5 Ways to Overcome Mental Barriers to Success

27648314436_28920795be_m.jpgIf it were easy, everyone would do it, right? I’m sure your mom told you that at some point too—and what do you know, she was right.

Still, the concepts involved with achieving success in both personal and professional pursuits appear, on the surface, to be laughably simple. Child’s play, even.

The reality, of course, is much different.

Whether we realize it or not, many of us set up a thousand different roadblocks along the way, causing us to limit our own potential for success. But it doesn’t have to be that way. Once we realize the habits we are indulging that might be limiting our abilities, we can take steps to eliminate the problems and overcome any mental barriers we might unconsciously be placing in our own way.

  • Have a vision. To achieve success, we have to have a clear idea of what success means to us. It’s not going to be the same for everyone, and scrambling about in the dark trying to grab onto some vague notion of success isn’t going to help us achieve anything. We need to establish clear goals and a clear picture in our minds of what we hope to accomplish. The vision, of course, is the bigger picture, but it’s important to establish smaller steps along the way. If the vision is to be financially comfortable and able to retire at 60, we need to take a clear look at savings and spending goals within that time span and do our best to stick to the plan.
  • Don’t give into emotional impulses. As human beings, we are all ruled by emotions. Sometimes they can be overpowering, and it’s important to recognize when those times arise. Challenges in daily life, an argument with a friend or business partner, a death in the family—all of these can have significant impacts on our ability to make sound judgments. Sometimes, we need to step back and divorce ourselves from these strong emotions to make the right choices. If our vision is strong and clear, we can often stay on the right path more easily.
  • Seek perspective. One of the more important aspects of success is having the right perspective. This is easier said than done, I understand. This can be challenging when taking a chance on a risky venture or trying to discern which things take a higher priority over others. Before making any choices, it’s important to gain perspective on what we’re doing and what we hope to accomplish. This means thinking beyond our gut impulse. We need to do research, seek information, discuss the decision with any and all key shareholders—even our teenagers might have some perspective we find useful. We don’t know it all, but neither does anyone else. But we can try to know as much as possible about the challenge at hand, before making any big decisions.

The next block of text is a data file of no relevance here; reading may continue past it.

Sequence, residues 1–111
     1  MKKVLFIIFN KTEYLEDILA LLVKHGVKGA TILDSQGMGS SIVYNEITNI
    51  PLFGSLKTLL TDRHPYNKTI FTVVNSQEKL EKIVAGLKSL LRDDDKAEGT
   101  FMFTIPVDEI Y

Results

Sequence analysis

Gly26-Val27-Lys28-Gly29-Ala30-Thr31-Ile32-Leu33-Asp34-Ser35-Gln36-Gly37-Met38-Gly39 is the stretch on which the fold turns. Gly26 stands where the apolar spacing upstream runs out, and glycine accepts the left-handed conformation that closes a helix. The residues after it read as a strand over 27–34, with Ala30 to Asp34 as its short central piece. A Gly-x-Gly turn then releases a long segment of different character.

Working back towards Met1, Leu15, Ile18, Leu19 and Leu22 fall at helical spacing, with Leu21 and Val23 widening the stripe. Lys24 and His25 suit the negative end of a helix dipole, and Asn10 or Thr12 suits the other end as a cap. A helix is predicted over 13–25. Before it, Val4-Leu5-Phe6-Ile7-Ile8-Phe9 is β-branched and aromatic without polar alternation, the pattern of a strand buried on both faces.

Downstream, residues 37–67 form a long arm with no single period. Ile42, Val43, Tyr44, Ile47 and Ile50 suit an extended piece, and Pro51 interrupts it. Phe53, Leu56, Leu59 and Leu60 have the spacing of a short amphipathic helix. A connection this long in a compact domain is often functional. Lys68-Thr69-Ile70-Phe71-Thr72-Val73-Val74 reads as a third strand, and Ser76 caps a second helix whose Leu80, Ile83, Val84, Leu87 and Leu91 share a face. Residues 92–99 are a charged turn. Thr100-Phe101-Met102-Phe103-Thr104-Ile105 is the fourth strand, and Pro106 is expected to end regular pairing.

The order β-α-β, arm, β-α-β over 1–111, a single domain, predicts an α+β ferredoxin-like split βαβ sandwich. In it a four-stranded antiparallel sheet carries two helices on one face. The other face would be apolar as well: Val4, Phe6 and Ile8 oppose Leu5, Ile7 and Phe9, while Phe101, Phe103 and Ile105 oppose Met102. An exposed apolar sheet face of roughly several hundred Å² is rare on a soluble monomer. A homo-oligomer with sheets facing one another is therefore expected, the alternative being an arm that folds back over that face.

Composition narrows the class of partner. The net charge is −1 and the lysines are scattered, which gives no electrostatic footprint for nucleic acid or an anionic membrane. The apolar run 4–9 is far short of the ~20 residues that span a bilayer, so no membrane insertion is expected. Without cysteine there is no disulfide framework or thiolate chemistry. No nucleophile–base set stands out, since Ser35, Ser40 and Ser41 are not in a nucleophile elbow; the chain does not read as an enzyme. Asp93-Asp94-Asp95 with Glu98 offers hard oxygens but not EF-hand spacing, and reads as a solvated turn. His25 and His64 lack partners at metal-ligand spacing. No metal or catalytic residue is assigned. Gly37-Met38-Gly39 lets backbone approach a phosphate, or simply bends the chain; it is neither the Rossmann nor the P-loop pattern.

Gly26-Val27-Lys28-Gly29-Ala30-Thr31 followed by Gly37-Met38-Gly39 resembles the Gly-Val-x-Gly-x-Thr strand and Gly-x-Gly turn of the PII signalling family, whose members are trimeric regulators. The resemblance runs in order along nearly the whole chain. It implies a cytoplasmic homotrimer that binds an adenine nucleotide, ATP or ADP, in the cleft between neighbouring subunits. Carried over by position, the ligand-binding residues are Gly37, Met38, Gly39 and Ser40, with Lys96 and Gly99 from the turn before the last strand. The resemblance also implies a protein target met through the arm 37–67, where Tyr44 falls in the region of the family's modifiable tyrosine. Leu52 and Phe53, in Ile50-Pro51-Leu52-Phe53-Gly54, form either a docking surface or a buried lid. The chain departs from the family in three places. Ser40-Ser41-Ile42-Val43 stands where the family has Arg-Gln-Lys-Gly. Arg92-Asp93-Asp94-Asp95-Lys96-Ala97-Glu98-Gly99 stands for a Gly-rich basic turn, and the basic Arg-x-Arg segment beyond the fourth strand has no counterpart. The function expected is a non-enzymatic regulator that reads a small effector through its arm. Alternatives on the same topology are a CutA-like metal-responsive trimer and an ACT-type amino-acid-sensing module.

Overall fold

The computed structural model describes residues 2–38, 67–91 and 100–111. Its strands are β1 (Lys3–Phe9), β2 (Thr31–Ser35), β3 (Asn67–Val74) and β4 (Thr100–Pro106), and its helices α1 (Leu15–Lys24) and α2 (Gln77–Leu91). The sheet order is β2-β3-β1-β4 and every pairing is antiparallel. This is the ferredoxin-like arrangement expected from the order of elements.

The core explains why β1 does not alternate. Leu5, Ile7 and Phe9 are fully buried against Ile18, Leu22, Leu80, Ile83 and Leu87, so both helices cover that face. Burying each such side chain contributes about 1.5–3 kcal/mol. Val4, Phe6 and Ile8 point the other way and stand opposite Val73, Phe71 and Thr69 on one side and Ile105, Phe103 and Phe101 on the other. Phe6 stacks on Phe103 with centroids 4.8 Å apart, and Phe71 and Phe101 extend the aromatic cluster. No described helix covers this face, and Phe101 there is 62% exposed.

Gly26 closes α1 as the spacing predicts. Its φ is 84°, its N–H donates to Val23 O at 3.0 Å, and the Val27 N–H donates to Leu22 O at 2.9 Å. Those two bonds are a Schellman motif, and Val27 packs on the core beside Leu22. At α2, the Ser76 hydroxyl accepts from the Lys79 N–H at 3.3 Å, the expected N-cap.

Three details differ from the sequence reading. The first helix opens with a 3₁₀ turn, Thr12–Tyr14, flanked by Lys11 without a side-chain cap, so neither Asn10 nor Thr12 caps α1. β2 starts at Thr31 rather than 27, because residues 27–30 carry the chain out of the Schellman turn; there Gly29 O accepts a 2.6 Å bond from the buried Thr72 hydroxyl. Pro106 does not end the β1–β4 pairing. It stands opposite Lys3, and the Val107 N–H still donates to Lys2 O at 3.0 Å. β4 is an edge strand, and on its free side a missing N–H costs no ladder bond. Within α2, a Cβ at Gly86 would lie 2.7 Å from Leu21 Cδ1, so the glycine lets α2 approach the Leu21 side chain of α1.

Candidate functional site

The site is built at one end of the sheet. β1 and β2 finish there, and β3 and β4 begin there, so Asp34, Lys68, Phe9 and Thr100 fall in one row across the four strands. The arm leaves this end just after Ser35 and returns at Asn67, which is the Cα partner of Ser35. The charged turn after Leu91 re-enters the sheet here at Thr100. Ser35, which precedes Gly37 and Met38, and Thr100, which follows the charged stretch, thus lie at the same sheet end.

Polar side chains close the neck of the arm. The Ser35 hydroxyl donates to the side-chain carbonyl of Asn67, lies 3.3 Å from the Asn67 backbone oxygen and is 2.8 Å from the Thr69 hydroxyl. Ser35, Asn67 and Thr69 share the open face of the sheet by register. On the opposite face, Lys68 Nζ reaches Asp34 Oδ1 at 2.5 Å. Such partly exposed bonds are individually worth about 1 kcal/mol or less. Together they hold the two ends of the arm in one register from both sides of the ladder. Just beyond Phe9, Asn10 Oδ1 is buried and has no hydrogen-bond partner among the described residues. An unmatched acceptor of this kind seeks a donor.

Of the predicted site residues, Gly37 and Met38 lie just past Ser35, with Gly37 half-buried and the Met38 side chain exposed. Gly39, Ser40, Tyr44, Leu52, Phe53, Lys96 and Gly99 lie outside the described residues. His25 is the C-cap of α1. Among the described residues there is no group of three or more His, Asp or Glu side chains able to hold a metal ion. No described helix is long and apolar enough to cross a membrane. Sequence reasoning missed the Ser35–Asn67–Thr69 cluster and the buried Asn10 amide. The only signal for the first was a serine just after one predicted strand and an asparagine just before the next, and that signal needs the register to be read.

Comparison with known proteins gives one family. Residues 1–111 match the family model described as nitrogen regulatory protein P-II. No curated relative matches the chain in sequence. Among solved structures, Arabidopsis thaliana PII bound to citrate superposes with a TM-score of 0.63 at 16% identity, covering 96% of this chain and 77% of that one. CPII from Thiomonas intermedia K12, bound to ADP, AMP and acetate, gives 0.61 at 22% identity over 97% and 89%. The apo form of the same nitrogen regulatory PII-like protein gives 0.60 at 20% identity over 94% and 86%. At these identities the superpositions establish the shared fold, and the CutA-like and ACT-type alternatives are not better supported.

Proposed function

• Expect failure. As most of us have already discovered, failure is a part of life. Regardless of our vision, sometimes we’re going to experience setbacks. It’s ok. It may not be ideal, but it’s temporary, and we can always learn something. Maybe we’ve set a goal and failed to meet it. This does not mean we give up trying. We pick ourselves up, dust ourselves off keep at it until we’ve accomplished what we set out to do. Failure is just one stepping stone along the path. It does not have to be the end, unless we allow it to be.
  • Embrace doubts, but don’t let them rule you. Doubt, like fear, is healthy. It’s designed to be a warning mechanism. Heed it, but only in so much as it pushes us to be cautious. That does not mean that we shouldn’t make that entrepreneurial leap and try something new. It simply means that before we drop the funds or reserve the building, we need to know that we’ve assessed all the possible risks and that we are prepared for both success and failure. Doubts allow us to develop contingency plans and to test the ground we stand on.

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Ashley.jpgAbout the Author – Ashley Choate is a native of Jacksonville, FL where she lives with her son, dog, and three cats. She graduated Magna Cum Laude from Jacksonville University with a BA in English and holds an MAED in Adult Education and Training. She lives for reading and writing, learning and teaching, and figuring out the day-to-day traumas and joys of mommyhood.

Top Photo Courtesy of Abhijit Bhaduri @ Flickr CC.